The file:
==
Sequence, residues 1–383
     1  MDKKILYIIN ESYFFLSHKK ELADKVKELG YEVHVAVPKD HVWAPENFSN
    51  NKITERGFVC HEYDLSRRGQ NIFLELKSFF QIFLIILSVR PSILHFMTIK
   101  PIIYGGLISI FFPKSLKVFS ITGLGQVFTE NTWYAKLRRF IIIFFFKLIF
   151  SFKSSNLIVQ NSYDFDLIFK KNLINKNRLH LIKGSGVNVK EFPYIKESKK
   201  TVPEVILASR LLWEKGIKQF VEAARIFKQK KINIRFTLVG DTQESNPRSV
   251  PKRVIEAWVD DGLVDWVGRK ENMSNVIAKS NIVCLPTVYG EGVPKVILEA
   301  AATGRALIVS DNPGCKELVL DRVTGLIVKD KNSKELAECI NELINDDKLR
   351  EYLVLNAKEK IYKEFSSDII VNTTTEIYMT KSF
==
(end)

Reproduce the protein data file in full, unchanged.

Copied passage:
Sequence, residues 1–383
     1  MDKKILYIIN ESYFFLSHKK ELADKVKELG YEVHVAVPKD HVWAPENFSN
    51  NKITERGFVC HEYDLSRRGQ NIFLELKSFF QIFLIILSVR PSILHFMTIK
   101  PIIYGGLISI FFPKSLKVFS ITGLGQVFTE NTWYAKLRRF IIIFFFKLIF
   151  SFKSSNLIVQ NSYDFDLIFK KNLINKNRLH LIKGSGVNVK EFPYIKESKK
   201  TVPEVILASR LLWEKGIKQF VEAARIFKQK KINIRFTLVG DTQESNPRSV
   251  PKRVIEAWVD DGLVDWVGRK ENMSNVIAKS NIVCLPTVYG EGVPKVILEA
   301  AATGRALIVS DNPGCKELVL DRVTGLIVKD KNSKELAECI NELINDDKLR
   351  EYLVLNAKEK IYKEFSSDII VNTTTEIYMT KSF